Services

In the first six months of 2018, the Humane Society took in 824 animals and had found homes for more than 700 of them.

“Eighty percent of our animals come out of high-kill shelters,” Rennick said. “We are a no-kill shelter and we are out there pulling animals out of harm’s way. The animals you see with us, they truly are high-risk, and we love it.”

The Humane Society offers several programs to pet owners who may be facing tough circumstances, such as a pet food pantry.

“The food pantry was born many years ago with the last financial crisis that we had when people were losing their homes and shelters were filling up with beloved family pets because people couldn’t afford to feed them,” Rennick said. “We thought, this is something we can do to help.”

Rennick said owners of more than 500 local animals pick up food from the shelter once a week. 

In April, the group’s shelter opened a new spay and neuter facility. Low-cost spay and neuters through SNAP, Spay/Neuter Assistance Program, have been in place since 2009.

All adopted animals must be fixed, and Rennick and other shelter volunteers have gone a long way to make sure that happens, including one case where an animal was adopted to a family in Chattanooga.

“Their people and I met halfway, we got the kittens and they came to my house, spent the weekend with me, then go get their spay/neuter during the week,” Rennick said. “Then we re-met because we wanted them to be close by unless there was any kind of a reaction or complication.”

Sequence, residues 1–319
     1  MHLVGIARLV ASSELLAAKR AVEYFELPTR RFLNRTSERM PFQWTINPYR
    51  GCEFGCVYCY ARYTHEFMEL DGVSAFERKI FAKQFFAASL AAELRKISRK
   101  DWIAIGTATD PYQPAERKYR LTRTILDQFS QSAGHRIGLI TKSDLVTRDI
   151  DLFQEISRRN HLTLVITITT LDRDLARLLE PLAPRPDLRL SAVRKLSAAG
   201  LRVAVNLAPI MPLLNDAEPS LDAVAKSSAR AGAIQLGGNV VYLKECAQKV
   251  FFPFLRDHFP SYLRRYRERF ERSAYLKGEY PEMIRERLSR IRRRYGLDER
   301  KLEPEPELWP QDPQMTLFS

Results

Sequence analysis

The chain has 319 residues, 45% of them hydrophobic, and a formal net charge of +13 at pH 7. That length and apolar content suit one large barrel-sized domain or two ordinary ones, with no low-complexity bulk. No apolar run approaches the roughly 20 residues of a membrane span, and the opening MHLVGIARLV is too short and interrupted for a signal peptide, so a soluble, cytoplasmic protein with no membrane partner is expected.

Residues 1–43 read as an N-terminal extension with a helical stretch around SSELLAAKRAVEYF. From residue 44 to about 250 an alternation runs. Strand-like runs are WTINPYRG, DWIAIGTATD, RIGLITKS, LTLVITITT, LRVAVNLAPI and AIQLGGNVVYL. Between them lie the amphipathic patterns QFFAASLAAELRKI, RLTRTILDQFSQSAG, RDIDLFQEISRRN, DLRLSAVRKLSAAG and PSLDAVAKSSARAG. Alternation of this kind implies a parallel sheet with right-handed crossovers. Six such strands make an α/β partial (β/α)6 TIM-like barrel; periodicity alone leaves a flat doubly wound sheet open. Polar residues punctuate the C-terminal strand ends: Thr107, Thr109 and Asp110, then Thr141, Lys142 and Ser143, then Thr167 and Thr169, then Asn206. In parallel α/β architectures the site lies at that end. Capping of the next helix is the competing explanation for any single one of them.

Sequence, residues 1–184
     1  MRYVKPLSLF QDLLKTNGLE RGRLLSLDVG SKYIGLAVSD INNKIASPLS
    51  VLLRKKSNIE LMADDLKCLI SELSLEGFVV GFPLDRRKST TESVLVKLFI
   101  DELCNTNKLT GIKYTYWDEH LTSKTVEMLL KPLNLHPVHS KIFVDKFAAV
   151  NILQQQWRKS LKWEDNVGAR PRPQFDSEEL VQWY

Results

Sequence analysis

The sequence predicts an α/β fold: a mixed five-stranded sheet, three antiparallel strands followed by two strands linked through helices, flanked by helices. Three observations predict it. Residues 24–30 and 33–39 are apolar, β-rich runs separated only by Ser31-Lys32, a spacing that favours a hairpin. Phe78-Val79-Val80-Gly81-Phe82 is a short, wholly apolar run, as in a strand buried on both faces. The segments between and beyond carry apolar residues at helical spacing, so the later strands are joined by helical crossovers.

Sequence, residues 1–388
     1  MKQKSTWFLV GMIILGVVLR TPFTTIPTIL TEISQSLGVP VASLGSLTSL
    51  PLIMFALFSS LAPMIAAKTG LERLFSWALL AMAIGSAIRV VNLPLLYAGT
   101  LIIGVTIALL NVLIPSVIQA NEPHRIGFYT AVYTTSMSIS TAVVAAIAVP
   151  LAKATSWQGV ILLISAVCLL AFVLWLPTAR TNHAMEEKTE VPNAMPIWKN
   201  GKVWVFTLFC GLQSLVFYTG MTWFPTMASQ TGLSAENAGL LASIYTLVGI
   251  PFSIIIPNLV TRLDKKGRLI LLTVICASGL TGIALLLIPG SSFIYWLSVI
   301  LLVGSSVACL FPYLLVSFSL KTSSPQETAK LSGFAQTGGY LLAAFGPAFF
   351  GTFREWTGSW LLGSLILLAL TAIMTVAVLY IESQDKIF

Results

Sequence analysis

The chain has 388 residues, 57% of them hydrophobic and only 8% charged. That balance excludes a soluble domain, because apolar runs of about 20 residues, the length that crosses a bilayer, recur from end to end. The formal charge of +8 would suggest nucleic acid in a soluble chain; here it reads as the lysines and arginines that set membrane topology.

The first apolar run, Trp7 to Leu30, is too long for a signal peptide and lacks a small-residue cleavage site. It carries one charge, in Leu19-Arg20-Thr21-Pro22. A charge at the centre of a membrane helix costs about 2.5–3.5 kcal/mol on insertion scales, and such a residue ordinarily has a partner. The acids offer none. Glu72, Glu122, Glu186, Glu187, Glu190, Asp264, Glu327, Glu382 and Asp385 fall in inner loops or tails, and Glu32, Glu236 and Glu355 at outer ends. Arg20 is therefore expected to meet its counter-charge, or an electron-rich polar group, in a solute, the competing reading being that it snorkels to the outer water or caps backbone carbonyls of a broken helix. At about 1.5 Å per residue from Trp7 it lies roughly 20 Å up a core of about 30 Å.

Needs

The Humane Society’s shelter on 4440 Keith Bridge Road can seem like a wild place since the facility can hold about 30 dogs and 45 cats.

But the shelter makes up only a fraction of the animals in the Humane Society’s care. Some 150 to 200 animals are fostered by volunteers.

“That village of foster volunteers — who volunteer their home, their time, their love, their attention — is what makes us be able to do what we can do today,” Rennick said. “We could never do this without fosters.”

In order of need, Rennick said, the facility is looking for adopters, fosters, volunteers and donors.

“If you want to get involved in your community, adopt,” she said. “If you can’t adopt, foster. When you foster, we supply the food, we supply the supplies, you’re just supplying a little space in your life and home. If you can’t foster, volunteer in another way. We constantly need people at the events we’re doing. We need folks at the shelter socializing animals. A lot of times, we need administrative help. 

“If you can’t volunteer, donate.”

Before taking animals home, potential owners need to go through an assessment either online or at the shelter. 

The donations are especially important, as Rennick said the facility is 100 percent funded through private donations, including fundraisers and a thrift store.

“We receive no state, no federal, no local funding,” she said. “Everything we get we get from private donations and our fundraising efforts.”